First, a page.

During early stages of limb development, the vasculature is subjected to extensive remodeling that leaves the prechondrogenic condensation avascular and, as we demonstrate hereafter, hypoxic. Numerous studies on a variety of cell types have reported that hypoxia has an inhibitory effect on cell differentiation. In order to investigate the mechanism that supports chondrocyte differentiation under hypoxic conditions, we inactivated the transcription factor hypoxia-inducible factor 1α (HIF1α) in mouse limb bud mesenchyme. Developmental analysis of Hif1α-depleted limbs revealed abnormal cartilage and joint formation in the autopod,suggesting that HIF1α is part of a mechanism that regulates the differentiation of hypoxic prechondrogenic cells. Dramatically reduced cartilage formation in Hif1α-depleted micromass culture cells under hypoxia provided further support for the regulatory role of HIF1αin chondrogenesis. Reduced expression of Sox9, a key regulator of chondrocyte differentiation, followed by reduction of Sox6, collagen type II and aggrecan in Hif1α-depleted limbs raised the possibility that HIF1α regulation of Sox9 is necessary under hypoxic conditions for differentiation of prechondrogenic cells to chondrocytes. To study this possibility, we targeted Hif1αexpression in micromass cultures. Under hypoxic conditions, Sox9expression was increased twofold relative to its expression in normoxic condition; this increment was lost in the Hif1α-depleted cells. Chromatin immunoprecipitation demonstrated direct binding of HIF1α to the Sox9 promoter, thus supporting direct regulation of HIF1αon Sox9 expression. This work establishes for the first time HIF1α as a key component in the genetic program that regulates chondrogenesis by regulating Sox9 expression in hypoxic prechondrogenic cells.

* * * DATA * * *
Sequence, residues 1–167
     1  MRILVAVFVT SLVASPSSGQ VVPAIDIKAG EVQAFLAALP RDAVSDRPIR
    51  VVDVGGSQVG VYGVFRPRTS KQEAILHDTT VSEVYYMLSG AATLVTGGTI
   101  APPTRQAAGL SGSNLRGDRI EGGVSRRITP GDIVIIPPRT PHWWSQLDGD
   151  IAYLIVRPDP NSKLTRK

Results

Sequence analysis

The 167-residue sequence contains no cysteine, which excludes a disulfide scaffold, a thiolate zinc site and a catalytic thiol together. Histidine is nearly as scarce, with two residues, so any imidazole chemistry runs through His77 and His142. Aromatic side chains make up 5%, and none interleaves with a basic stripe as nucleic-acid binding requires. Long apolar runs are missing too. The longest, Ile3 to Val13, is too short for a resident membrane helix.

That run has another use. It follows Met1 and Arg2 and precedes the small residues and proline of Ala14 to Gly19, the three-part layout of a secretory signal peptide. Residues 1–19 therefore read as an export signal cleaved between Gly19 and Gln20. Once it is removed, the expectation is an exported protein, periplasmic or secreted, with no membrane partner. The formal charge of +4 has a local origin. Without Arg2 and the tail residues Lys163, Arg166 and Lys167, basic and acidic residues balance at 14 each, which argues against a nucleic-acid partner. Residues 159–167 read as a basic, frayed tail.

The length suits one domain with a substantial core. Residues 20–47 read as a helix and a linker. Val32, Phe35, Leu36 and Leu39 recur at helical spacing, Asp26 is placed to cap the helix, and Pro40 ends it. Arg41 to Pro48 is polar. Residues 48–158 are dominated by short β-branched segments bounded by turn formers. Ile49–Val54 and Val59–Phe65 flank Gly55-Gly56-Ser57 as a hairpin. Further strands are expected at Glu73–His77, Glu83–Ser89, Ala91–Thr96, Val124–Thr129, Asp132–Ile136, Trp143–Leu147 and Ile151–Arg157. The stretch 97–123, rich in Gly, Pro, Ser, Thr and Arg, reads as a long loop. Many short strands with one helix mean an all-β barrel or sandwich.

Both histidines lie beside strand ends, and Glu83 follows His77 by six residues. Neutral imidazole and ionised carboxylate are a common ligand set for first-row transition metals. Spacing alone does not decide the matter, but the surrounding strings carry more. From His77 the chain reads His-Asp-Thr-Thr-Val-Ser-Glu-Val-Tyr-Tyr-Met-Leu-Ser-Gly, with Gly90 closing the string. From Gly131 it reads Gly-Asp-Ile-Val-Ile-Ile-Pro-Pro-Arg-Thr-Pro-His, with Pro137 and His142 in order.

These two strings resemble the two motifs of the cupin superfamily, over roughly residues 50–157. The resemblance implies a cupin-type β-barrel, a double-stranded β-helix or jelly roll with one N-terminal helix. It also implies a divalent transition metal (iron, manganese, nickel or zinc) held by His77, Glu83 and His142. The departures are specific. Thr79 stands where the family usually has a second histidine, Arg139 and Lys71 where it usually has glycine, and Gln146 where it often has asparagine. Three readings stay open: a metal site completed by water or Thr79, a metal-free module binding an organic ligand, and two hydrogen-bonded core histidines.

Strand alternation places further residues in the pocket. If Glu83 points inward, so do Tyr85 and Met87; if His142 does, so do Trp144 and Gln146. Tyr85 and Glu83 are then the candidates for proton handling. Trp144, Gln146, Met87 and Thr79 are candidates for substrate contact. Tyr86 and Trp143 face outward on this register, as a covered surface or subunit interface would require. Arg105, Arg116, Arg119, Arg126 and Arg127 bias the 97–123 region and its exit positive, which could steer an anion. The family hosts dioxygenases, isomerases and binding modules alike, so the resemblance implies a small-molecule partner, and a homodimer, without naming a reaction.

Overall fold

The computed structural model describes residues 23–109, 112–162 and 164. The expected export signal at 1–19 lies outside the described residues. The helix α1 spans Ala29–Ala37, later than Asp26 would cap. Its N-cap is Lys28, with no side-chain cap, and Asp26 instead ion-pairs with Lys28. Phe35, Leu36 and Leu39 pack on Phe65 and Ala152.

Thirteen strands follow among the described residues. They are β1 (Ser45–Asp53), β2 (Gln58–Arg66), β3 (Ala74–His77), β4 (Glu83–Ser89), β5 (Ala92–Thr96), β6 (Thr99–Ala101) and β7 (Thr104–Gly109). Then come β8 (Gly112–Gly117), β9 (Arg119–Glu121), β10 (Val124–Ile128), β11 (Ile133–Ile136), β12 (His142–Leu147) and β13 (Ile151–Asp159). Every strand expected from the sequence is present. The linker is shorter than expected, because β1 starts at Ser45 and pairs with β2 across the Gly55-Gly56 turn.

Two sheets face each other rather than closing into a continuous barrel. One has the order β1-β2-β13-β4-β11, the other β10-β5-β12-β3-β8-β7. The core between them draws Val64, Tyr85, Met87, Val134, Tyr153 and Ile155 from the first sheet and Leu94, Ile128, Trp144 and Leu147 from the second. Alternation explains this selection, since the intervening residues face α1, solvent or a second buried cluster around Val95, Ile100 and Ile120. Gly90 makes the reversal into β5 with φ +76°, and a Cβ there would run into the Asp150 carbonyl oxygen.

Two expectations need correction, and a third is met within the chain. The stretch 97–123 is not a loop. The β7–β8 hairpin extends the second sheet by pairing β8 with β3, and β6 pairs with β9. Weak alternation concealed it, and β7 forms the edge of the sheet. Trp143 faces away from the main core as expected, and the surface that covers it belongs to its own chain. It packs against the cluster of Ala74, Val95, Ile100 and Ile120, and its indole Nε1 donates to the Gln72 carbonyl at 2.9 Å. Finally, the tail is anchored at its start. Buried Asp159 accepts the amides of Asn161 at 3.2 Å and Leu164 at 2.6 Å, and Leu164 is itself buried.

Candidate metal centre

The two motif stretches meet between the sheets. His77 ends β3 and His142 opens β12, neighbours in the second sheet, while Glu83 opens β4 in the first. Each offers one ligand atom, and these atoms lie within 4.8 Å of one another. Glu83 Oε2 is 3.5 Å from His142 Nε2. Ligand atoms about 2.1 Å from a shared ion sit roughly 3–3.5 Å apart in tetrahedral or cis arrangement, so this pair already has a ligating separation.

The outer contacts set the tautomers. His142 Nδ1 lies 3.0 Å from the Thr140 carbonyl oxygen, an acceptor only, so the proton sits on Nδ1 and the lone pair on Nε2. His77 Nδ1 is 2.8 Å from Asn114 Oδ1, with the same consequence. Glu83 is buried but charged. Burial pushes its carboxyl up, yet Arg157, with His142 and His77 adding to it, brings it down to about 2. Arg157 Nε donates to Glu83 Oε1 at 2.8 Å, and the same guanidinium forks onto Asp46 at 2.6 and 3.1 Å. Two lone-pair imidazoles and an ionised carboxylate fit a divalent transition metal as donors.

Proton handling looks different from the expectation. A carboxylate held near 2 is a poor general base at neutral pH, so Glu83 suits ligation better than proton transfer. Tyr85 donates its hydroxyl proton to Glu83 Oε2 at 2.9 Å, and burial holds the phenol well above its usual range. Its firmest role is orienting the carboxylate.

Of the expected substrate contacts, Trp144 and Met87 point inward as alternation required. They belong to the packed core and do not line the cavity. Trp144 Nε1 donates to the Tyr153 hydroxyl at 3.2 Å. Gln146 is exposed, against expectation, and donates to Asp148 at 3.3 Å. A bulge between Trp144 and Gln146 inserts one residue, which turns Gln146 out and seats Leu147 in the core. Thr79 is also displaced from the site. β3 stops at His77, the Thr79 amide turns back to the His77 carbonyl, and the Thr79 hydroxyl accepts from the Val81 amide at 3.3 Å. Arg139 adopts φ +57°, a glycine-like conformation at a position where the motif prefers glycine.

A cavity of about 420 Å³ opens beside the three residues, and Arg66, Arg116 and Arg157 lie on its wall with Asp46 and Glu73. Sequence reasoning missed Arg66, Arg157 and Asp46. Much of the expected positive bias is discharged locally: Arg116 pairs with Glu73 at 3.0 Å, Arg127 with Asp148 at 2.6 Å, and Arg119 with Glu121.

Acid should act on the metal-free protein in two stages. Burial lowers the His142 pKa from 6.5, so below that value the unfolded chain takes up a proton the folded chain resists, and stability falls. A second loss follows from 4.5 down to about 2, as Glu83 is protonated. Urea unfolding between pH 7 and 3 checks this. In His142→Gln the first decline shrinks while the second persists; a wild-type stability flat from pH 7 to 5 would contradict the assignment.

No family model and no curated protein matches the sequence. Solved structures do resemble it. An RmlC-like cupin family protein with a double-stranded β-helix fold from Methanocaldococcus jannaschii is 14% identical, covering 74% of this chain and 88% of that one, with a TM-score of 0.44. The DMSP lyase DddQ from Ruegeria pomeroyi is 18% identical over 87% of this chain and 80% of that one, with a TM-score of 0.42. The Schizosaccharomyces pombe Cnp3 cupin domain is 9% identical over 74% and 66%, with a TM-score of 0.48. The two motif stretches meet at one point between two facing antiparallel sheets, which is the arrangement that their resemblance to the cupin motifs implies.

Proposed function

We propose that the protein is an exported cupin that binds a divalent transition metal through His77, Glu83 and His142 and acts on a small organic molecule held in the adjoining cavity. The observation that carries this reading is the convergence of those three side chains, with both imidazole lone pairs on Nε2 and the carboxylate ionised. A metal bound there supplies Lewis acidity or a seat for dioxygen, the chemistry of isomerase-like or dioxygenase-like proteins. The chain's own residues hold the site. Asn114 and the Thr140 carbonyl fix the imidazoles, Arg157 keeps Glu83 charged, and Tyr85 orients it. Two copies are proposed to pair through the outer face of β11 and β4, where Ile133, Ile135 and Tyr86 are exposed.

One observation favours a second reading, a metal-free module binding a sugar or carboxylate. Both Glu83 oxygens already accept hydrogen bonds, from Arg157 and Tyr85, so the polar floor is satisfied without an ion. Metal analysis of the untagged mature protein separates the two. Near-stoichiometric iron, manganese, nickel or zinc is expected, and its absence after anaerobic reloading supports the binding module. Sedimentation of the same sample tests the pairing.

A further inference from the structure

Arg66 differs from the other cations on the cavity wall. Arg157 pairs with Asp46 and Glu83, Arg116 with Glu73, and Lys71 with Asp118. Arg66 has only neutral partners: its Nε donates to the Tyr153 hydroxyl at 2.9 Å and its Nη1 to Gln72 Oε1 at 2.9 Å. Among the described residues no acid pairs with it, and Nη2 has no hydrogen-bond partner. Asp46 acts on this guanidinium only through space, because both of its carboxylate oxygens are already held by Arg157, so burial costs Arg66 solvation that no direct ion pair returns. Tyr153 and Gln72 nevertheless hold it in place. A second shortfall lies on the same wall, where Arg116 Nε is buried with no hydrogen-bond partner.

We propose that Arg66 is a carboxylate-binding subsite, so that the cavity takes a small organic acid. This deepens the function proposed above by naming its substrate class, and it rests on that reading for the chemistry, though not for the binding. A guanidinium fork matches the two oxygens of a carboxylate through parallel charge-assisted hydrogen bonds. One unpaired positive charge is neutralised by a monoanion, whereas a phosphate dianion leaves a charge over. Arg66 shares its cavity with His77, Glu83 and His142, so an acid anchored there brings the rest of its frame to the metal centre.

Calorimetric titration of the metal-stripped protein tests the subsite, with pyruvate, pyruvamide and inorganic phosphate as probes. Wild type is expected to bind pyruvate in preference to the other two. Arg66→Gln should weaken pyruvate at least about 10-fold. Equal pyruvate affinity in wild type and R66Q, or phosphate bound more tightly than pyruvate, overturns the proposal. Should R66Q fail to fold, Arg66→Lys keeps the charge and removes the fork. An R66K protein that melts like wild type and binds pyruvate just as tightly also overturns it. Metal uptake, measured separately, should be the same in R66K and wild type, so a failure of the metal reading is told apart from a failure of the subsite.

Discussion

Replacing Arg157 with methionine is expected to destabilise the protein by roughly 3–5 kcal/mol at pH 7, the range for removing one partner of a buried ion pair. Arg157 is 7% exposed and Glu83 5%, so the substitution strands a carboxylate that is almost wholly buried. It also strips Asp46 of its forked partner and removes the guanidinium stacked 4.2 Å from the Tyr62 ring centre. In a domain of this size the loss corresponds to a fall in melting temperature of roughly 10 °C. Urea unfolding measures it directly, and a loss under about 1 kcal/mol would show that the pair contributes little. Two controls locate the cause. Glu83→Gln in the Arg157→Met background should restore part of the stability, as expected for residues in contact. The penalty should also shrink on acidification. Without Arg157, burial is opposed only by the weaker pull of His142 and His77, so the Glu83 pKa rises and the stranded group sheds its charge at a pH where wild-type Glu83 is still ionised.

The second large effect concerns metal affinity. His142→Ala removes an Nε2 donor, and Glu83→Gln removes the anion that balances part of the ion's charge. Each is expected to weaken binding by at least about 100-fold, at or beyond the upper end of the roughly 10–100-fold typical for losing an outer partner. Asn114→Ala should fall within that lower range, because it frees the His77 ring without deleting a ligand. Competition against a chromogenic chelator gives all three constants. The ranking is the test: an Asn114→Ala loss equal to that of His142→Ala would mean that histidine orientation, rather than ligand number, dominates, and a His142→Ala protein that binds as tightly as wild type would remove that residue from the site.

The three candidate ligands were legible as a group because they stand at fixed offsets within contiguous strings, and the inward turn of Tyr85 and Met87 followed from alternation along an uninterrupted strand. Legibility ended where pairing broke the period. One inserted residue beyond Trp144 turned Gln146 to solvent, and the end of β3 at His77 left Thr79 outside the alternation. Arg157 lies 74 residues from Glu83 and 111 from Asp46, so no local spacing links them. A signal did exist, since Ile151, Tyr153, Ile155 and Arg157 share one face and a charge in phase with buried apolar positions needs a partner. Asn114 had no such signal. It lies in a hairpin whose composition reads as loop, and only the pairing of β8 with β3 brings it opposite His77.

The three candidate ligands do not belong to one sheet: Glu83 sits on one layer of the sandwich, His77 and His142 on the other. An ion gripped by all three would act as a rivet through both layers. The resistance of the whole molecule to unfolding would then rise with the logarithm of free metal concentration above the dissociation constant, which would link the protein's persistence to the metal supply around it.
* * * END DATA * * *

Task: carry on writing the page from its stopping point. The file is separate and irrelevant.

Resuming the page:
The formation of the limb skeleton is initiated when pluripotent mesenchymal cells, derived from the lateral plate mesoderm, commit to the chondrogenic lineage and aggregate to form condensations, which, through a series of differentiation steps, form cartilaginous template of the future skeleton.

During the initial stages of this process, the limb vasculature undergoes a remodeling process that renders the condensing mesenchyme avascularized(Feinberg et al., 1986; Hallmann et al., 1987). As the condensations increase in size, cells differentiate into chondrocytes, forming a cartilaginous template of the future bones. The cartilaginous elements of the autopod develop last, as each digit originates from a single condensation known as the digital ray (Oster,1988). As the digital ray increases in size, it undergoes segmentation, giving rise to the carpal, tarsal and the phalangeal elements. The ensuing formation of joints between the separating segments begins with the appearance of a higher cell density domain, called the interzone, at the site of the future joint. Cells in this region lose typical chondrocyte characteristics, as they reduce the expression of collagen type II (also known as procollagen, type II alpha 1 - Mouse Genome Informatics) and instead express markers such as Wnt9a, Gdf5, Bmp2 and noggin(Hartmann and Tabin, 2001; Seemann et al., 2005). Next,the joint cavitates within the interzone, separating the two skeletal elements(Archer et al., 2003; Mitrovic, 1977; Pacifici et al., 2005).

As development proceeds, the avascularized cartilaginous template is eroded and replaced by vascularized bone in a process termed endochondral ossification (Karsenty and Wagner,2002; Kronenberg,2003; Olsen et al.,2000).